Peter M. Senge et al
At the end of this review following the links to other recommended books, I specify why this book receives four stars instead of five. Shortly I will load several images that will augment my written review, a couple of them recreated from this book, a couple my own original work.
I found this book absorbing, and while I recognized many many areas where the authors could have identified and respected the work of others more explicitly, I also found this to be the single best book for a manager of any business, any non-profit, any educational institution, any citizen advocacy group, with respect to the changing paradigm of business from industrial era obsess on profit and waste wantonly, to the information era of integrated full life cycle with total transparency of all costs (social, environmental, and financial) and ZERO footprint on Earth and society. There is ample original work from the authors, and this book is priced just right as a vehicle for energizing groups of any kind.
Following from my extensive notes:
+ A handful of top global businesses “get it” and have been pioneering footprint free zero waste business model: BP, GE, Coca-Cola, Dupont, even Nike.
+ Non-governmental organizations (NGO) know more about local needs and the emerging marketplace (four billion of the five billion poor, I am very disconcerted to see the business world “writing off” the one billion extreme poor) than any market “intelligence” firm.
+ With credit to Jared Diamond, I read for the first time about the unreal financial reality “bubble,” and the “real real” world bubble that is catching up with it. See John Bogle’s book below for a deeper explanation of how the financial mandarins have stolen one fifth of the value and misdirected the Main Street economy while doing so.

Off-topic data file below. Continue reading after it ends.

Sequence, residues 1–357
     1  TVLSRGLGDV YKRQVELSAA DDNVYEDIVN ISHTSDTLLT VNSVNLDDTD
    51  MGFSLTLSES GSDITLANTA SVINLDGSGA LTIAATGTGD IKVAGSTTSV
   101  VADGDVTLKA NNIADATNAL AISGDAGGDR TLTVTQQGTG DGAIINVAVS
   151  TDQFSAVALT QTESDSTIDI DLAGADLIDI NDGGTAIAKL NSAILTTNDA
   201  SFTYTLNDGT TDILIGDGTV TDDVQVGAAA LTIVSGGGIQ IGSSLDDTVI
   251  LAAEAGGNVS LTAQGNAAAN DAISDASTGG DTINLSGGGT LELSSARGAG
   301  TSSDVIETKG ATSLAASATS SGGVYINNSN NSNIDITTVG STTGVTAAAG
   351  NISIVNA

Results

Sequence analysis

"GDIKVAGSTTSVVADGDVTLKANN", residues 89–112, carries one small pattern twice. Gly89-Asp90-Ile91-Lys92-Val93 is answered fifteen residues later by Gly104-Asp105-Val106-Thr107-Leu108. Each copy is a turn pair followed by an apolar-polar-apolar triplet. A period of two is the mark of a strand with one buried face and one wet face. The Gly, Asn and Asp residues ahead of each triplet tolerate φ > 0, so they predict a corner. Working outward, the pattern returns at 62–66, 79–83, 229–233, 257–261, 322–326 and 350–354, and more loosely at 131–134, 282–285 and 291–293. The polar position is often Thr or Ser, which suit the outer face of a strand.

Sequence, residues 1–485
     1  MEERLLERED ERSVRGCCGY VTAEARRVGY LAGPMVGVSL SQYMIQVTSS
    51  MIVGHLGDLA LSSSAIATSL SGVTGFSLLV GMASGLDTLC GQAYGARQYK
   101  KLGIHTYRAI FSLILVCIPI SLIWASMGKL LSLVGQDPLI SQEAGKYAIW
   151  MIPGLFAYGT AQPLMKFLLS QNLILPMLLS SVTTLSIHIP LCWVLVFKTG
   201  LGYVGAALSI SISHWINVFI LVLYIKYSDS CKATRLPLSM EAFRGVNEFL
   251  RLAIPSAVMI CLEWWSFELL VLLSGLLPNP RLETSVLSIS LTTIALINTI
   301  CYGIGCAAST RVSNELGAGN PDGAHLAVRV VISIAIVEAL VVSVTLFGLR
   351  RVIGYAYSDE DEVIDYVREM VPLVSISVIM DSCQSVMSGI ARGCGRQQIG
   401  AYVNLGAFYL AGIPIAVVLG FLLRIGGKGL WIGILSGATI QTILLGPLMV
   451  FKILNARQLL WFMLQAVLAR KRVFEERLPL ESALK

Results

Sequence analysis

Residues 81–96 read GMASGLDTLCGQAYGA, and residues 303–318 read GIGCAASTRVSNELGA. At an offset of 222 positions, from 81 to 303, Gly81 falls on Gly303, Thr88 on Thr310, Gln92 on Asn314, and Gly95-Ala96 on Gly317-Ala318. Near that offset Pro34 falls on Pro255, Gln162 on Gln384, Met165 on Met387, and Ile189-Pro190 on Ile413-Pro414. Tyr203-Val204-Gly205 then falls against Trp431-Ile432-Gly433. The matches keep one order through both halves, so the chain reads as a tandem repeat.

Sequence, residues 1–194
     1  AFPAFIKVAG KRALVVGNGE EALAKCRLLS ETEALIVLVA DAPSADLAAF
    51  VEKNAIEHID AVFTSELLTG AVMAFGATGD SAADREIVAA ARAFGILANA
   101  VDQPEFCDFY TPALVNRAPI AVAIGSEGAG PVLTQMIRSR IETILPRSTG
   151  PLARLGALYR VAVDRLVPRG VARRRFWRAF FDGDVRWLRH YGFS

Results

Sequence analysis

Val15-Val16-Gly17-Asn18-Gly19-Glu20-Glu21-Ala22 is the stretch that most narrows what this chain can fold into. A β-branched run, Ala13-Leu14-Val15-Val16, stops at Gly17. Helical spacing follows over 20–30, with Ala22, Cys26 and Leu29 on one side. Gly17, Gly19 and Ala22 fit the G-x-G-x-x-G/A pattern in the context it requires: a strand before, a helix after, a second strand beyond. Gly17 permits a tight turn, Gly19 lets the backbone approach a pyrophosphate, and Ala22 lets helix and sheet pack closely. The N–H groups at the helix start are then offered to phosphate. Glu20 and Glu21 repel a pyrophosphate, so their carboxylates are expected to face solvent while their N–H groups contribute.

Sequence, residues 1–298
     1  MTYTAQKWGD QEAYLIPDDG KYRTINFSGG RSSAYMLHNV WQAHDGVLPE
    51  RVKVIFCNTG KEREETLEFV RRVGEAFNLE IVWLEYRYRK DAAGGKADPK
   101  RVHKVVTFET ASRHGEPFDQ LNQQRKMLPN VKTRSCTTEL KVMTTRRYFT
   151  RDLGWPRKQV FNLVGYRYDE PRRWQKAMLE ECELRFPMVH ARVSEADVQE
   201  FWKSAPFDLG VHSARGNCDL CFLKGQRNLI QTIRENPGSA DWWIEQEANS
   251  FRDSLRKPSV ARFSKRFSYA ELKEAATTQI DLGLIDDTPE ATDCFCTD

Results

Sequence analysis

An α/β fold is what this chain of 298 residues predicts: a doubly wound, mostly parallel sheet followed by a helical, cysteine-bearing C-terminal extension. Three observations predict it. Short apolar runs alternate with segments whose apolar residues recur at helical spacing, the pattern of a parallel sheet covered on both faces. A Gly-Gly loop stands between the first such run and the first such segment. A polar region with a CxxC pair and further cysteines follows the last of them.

+ Although I have read Stewart Hart’s work, this book helped me appreciate in detail his Sustainability Value Matrix.
+ Other “big ideas” by others that are integrated into this book include that of civil society stakeholders; ethical consumerism, stabilization wedges (Palala and Socolow),ladder of inference (an anthropological practice), peacekeeping circles, requisite organization, and law of limited competition (Daniel Quinn)
1. Industrial Waste (USA wastes 100 billion tons a year, 90% of inputs)
2. Consumer/Commercial Waste & Toxicity (of 8B/year, 5B not absorbable)
3. Non-Renewable Resources in Sharp Decline
4. Renewable Resources down 30-70% and in some cases close to extinction tipping point (fresh water, topsoil, fisheries, forests)
THREE GUIDING IDEAS:
1. No viable path neglects future generations
2. Institutions matter
3. Real change must be grounded in new ways of thinking (see Durant below, capstone lessons from their ten volume history of civilization was that the only real revolution is in the mind of man, and that morality has a strategic value of incalculable proportions).
THREE AREAS OF BUSINESS CONCERN:
1. Energy & Transportation
2. Food & Water
3. Material Waste & Toxicity
THREE PRE-REQUISITES FOR NEW THINKING:
1. Seeing Systems Within Systems (Full Cycle Closed Earth)
2. Collaborating Across Boundaries (No one has it all)
3. Creating & adjusting instead of problem solving in isolation
SIX BASIC IDEAS:
1. Natural system encloses social and economic systems
2. Industrial system must operate in that context
3. Regenerable resources have harvest limits
4. Non-renewable resources are finite.
5. Waste is a cancer on the Earth
6. Socio-cultural community is the vessel for change
THREE SKILLS FOR CREATING THE SUSTAINABLE FUTURE: